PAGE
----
Guaranteeing access to justice for survivors of violence
By Suzanne N’Gouandi, Francophone Communications Officer, and Meganne Boho, President of the Ivorian League for Women’s Rights
Violence against women and girls is one of the most widespread, persistent and devastating human rights violations in the world. Yet, it remains one of the least reported due to the prevailing culture of impunity.
According to the United Nations, violence against women can be defined as: “any act of gender-based violence that results in, or is likely to result in, physical, sexual, or mental harm or suffering to women, including threats of such acts, coercion or arbitrary deprivation of liberty, whether occurring in public or in private life.” Such forms of violence negatively impact the well-being of women.
Globally, 736 million women – almost one in three – have suffered physical or sexual violence at least once. This issue is even more prevalent in the least developed regions and countries, affecting nearly thirty-seven percent (37%) of girls and women aged 15 to 49. In West Africa, for example, a 2018 report by the Network of Locally-Elected Women of Africa [Réseau des Femmes Élues Locales d'Afrique / REFELA] noted that 40% of women had been victims of violence, rising to 65% in Central Africa. There are nonetheless important regulations and standards in place to put an end to this global scourge.
Women’s right to live in a society free from violence is supported by several international and national conventions. Of particular note, is the Declaration on the Elimination of Violence against Women, which provides a framework for international and national action, together with the Convention on the Elimination of All Forms of Discrimination against Women. National legal frameworks differ from country to country. West African countries such as Senegal and Côte d’Ivoire, for example, have an extensive legislative framework for the protection of women’s and girls’ rights. So why is it that, despite all the legal instruments available, impunity for violence against women and girls persists in the region?
According to EM2030’s SDG Gender Index, sub-Saharan Africa actually slid backwards between 2015 and 2020 in terms of women’s access to justice. This can be explained by a failure to enforce existing laws and the inadequacies of some of those laws. In Senegal, where sexual violence is on the rise, the law criminalizing rape and paedophilia is barely effective. Among the shortcomings of this law, is the lack of psychological and legal care for survivors of violence, who still have to prove that they did not give consent during a sexual assault.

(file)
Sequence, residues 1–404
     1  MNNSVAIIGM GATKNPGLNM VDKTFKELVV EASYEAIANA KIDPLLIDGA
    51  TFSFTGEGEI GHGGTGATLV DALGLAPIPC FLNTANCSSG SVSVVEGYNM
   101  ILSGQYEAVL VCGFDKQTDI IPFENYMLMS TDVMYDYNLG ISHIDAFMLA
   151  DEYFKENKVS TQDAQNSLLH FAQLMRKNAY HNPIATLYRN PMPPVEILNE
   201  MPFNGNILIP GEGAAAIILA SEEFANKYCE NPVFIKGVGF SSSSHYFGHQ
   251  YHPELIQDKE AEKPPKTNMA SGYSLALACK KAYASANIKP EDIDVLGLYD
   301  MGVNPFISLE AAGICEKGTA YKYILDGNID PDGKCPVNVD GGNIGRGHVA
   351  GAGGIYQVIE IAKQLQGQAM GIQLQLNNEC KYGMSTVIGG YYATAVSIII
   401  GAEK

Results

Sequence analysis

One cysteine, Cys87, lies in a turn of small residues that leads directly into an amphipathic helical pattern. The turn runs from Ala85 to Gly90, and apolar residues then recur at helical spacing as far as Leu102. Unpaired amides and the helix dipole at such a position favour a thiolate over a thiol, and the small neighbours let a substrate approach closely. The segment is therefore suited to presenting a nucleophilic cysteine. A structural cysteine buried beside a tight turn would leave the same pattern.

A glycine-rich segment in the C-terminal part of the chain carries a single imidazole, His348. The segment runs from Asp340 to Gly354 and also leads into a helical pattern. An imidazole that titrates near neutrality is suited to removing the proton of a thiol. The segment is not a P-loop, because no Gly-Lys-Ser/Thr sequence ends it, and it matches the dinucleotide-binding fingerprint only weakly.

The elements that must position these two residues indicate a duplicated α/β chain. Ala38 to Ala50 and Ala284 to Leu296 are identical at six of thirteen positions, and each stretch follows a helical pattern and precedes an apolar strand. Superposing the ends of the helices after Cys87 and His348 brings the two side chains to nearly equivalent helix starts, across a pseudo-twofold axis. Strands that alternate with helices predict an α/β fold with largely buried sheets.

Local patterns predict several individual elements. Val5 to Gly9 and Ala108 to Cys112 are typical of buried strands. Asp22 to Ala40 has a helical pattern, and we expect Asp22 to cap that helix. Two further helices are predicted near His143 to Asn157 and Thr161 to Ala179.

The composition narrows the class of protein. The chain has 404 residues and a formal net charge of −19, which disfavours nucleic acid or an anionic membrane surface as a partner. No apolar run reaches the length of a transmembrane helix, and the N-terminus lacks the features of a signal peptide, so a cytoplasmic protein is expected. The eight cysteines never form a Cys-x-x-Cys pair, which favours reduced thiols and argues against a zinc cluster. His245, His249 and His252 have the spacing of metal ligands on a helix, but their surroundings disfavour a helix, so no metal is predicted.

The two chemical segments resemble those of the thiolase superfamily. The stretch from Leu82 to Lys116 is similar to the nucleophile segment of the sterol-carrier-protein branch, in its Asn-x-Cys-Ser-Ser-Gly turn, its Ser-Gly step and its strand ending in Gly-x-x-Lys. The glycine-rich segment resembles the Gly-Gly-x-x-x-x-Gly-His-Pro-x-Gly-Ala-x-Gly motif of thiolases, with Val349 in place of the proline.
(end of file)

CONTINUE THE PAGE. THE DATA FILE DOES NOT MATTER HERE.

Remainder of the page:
In Burkina Faso, it is estimated that more than one in three women (37%) have been a victim of domestic violence in their lifetime. Although there is a law prohibiting all forms of violence against women and girls, domestic violence is not criminalized.
Adding to this, sociocultural constraints prevent women who have been abused from seeking justice. UN Women estimates that fewer than 40 percent of women who experience violence seek help, and fewer than 10 percent of those who do seek help, call the police. Unfortunately, those who do decide to report their case to the relevant institutions sometimes find that their complaints are rejected, or that their cases go unresolved.
In May 2023, the Ivorian League for Women’s Rights [Ligue Ivoirienne des droits des femmes] used the hashtag #PrenezNosPlaintes [#TakeOurComplaints] to denounce the mistreatment of survivors in police stations. This initiative highlights a painful reality: not only do women victims of violence face stigmatization but they also often encounter indifference from the very institutions that are supposed to protect them.
Faced with this situation, Meganne Boho, President of the Ivorian League for Women’s Rights, stresses the urgent need for better handling of cases of violence: “ Raising victims’ and survivors’ awareness of the need to report is an important step but when they then come up against the failure of the gendarmerie, the police or the justice system to consider their cases, we’re back to square one. The Ministry of Justice must be called upon to effectively deal with cases of violence against women. Women are citizens of this country and deserve justice and reparation when they brave shame and sociocultural constraints to break the silence and the cycle of violence.”
To ensure access to justice for survivors of violence, it is vital to raise awareness and educate our societies on the issue of women’s rights and the legal mechanisms available for bringing these cases to justice. Particular attention needs to be paid not only to strengthening and enforcing existing laws but also to ensuring access to legal aid so that women can benefit from the necessary legal assistance.
Finally, strengthening victim support services, such as reception and listening centres, specialist counsellors and social reintegration programmes, are all essential to help survivors rebuild and recover.